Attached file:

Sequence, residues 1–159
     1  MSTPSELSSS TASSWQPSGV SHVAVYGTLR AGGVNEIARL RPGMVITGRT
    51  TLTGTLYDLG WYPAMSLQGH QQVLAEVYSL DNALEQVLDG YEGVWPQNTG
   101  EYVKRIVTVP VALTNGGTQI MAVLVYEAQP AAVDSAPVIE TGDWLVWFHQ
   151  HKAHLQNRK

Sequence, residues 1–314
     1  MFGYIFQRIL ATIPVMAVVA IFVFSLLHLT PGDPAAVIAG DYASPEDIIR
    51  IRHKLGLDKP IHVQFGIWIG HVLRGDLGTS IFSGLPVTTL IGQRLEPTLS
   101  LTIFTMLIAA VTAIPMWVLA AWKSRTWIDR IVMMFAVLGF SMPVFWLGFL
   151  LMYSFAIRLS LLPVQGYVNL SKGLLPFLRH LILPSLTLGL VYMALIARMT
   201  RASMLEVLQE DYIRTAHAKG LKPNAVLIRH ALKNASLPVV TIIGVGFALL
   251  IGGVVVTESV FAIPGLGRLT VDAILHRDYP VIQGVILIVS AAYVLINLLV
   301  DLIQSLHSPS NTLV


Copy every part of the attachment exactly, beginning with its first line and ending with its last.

Sequence, residues 1–159
     1  MSTPSELSSS TASSWQPSGV SHVAVYGTLR AGGVNEIARL RPGMVITGRT
    51  TLTGTLYDLG WYPAMSLQGH QQVLAEVYSL DNALEQVLDG YEGVWPQNTG
   101  EYVKRIVTVP VALTNGGTQI MAVLVYEAQP AAVDSAPVIE TGDWLVWFHQ
   151  HKAHLQNRK

Sequence, residues 1–314
     1  MFGYIFQRIL ATIPVMAVVA IFVFSLLHLT PGDPAAVIAG DYASPEDIIR
    51  IRHKLGLDKP IHVQFGIWIG HVLRGDLGTS IFSGLPVTTL IGQRLEPTLS
   101  LTIFTMLIAA VTAIPMWVLA AWKSRTWIDR IVMMFAVLGF SMPVFWLGFL
   151  LMYSFAIRLS LLPVQGYVNL SKGLLPFLRH LILPSLTLGL VYMALIARMT
   201  RASMLEVLQE DYIRTAHAKG LKPNAVLIRH ALKNASLPVV TIIGVGFALL
   251  IGGVVVTESV FAIPGLGRLT VDAILHRDYP VIQGVILIVS AAYVLINLLV
   301  DLIQSLHSPS NTLV